How Startup Culture Is Killing Innovation | Wired Opinion | Wired.com.
Wired has a thought-proving article out which talks about prevailing startup culture and how many of the current touchstones of this culture actually get in the way of real R&D and innovation in the marketplace.
The article centers around a couple of key premises. First, that many businesses fail to engage in real “research”, and then proceeds to define the term. As used int he article, they are not talking about “hard science” research vs. other types of research. Rather, the article defines applied research as the systematic process of gathering information to achieve a particular goal, and along the way using that information to test fundamental assumptions (and either validate or disprove them).
The article goes on to discuss why organizations often shy away from such applied research. The most common reasons being fear: fear of waisting time, fear of being a “follower”, fear of losing control, and fear of having to share credit.
If you are an entrepreneur, this is well worth a read and little considered thought.
Mobile app startups are failing like it’s 1999 | @andrewchen.
Here is an interesting article from Andrew Chen’s blog in which he draws parallels between the current mobile app start-up boom (and bust) and the bursting of the tech bubble in 1999.
Chen doesn’t offer up any easy answers to companies seeking to avoid the boom-bust cycle, but he does make a good point: many companies are burning over 1/2 of the their available cash before even launching v1 of their product. This leaves companies with a VERY short runway to get their product off the ground.
As always, keeping burn-rates low and hoarding cash as much as possible are keys to maintaining enough longevity to give a product time to build market-share and, if necessary, to go back and tweak the product if v1 is not “all that”.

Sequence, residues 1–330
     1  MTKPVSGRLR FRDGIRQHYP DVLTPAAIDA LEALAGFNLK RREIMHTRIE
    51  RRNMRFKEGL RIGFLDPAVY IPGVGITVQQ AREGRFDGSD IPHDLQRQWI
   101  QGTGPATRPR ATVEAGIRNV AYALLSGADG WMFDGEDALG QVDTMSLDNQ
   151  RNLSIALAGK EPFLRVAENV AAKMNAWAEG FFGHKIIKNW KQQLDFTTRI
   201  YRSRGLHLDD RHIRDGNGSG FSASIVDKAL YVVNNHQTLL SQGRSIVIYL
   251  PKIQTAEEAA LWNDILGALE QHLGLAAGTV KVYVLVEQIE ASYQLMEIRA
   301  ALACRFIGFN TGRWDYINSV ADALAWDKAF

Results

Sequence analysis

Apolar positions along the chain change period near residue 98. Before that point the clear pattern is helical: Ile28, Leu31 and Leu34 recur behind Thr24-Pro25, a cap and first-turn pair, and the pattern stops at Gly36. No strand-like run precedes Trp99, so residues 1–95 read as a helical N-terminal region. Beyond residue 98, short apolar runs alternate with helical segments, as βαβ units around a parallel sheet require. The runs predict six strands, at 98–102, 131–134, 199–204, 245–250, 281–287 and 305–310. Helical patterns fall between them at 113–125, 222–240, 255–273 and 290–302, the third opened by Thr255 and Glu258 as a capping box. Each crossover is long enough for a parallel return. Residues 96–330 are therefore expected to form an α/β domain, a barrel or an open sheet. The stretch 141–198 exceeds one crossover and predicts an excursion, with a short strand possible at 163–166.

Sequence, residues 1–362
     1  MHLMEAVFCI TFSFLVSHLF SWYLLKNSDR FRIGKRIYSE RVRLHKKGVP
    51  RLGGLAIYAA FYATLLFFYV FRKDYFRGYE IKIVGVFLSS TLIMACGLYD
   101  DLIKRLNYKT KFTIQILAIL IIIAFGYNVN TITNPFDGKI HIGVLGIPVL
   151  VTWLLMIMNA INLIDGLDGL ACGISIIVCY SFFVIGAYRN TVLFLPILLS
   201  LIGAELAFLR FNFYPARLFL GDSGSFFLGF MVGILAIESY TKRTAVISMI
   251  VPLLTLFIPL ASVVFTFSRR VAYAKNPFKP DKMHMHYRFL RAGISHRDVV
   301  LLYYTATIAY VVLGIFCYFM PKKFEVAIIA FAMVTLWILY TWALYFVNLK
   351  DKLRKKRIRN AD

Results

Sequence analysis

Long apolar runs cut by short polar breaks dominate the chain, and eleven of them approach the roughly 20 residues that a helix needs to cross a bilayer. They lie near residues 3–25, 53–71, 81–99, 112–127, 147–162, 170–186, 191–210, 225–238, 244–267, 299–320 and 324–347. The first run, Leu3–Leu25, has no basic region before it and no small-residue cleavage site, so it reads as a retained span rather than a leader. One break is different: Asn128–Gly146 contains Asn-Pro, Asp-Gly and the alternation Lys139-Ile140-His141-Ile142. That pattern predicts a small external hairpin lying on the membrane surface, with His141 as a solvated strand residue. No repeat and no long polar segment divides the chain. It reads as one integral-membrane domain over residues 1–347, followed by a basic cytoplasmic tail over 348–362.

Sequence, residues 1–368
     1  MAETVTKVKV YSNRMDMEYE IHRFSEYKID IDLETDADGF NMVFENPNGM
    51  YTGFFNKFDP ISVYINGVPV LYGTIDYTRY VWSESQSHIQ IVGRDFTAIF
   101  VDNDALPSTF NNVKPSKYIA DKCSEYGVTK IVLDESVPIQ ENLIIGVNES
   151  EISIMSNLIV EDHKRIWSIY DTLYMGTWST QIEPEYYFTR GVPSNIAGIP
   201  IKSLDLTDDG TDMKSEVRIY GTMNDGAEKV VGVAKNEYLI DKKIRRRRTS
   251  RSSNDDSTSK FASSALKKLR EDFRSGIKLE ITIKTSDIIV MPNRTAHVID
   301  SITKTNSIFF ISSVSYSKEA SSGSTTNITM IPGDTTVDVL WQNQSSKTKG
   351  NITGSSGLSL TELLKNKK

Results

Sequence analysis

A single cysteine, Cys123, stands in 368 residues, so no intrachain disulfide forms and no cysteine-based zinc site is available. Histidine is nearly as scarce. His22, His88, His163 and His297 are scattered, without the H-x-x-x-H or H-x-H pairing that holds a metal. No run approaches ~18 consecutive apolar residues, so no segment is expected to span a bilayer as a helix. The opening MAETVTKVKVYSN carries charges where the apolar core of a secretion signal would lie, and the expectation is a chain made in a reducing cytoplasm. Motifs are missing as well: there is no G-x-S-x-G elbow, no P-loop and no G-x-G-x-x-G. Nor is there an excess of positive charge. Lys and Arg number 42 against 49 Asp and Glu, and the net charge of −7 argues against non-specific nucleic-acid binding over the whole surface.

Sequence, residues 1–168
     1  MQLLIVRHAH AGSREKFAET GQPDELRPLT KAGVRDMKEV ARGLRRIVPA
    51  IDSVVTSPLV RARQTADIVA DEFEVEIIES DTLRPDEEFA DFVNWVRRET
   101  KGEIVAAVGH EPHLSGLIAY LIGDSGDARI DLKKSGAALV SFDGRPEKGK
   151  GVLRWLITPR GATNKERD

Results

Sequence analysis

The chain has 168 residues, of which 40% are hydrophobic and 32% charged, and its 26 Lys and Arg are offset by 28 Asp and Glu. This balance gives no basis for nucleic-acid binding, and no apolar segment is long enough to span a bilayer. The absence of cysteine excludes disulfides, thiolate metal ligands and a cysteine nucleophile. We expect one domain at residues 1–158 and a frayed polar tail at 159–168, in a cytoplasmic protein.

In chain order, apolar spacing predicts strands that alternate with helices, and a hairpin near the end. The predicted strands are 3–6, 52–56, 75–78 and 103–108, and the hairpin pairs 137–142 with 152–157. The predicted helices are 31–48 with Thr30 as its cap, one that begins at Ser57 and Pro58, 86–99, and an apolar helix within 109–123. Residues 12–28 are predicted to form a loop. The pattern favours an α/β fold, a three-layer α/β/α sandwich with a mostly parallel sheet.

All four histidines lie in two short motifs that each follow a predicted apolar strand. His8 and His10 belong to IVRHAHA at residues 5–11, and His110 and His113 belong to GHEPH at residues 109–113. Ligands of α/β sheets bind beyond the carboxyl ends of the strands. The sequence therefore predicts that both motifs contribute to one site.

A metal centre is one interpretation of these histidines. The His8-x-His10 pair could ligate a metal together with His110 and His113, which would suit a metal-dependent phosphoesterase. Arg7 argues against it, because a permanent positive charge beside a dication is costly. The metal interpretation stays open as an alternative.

Finding a Knut: Kickstarter advice from an entrepreneur – Global Business Hub – Boston.com.
This article shares valuable insight from an entrepreneur of the challenges of funding a project through Kickstarter. It is by no means a comprehensive examination of the process, but it does share some important lessons regarding the process and what a company can learn from the process as it works its way towards its funding goal.
There are enormous opportunities for companies to leverage Kickstarter as seed funding source, but there are speed-bumps that are likely to come up along the way. Understanding where to look for these speed-bumps and being able to navigate them successfully is vital part of the Kickstarter process. Chad O’Conner’s article presents a great road-map to a few of these speed-bumps. If your company is thinking about using Kickstarter or is looking for funding thorough any outlet, this article is well worth the read. Knowledge is power.
LLC: Which Flavor Is Right for Your Company?.
This article from Mashable.com is a good overview of the choices and options facing start-ups in choosing what sort of business entity to form. This particular article focuses on the various flavors of Limited Liability Companies (LLCs) that exist in the U.S.
LLCs are often excellent entity choices for start-ups due to their flexibility, tax treatment, and ease of both set-up and administration. If you are thinking of starting a new business, this article is a good source of information on LLCs. It will arm you a good basis for discussion with your attorney (you do have a business attorney helping you, right?) about what choice of entity will make the most sense for the company you envision.
The Struggle | TechCrunch.
This is a good essay from Ben Horowitz, a celebrated tech start-up veteran and co-founder of Andreessen Horowitz, the tech VC juggernaut, on the the struggle faced by entrepreneurs as they give birth to their companies.
While essentially a variant on “That which does not kill you only makes you stronger!”, it is, if nothing else, refreshing to hear from a start-up rock star validation on how damn hard it is to grapple with myriad challenges that founding entrepreneurs must face.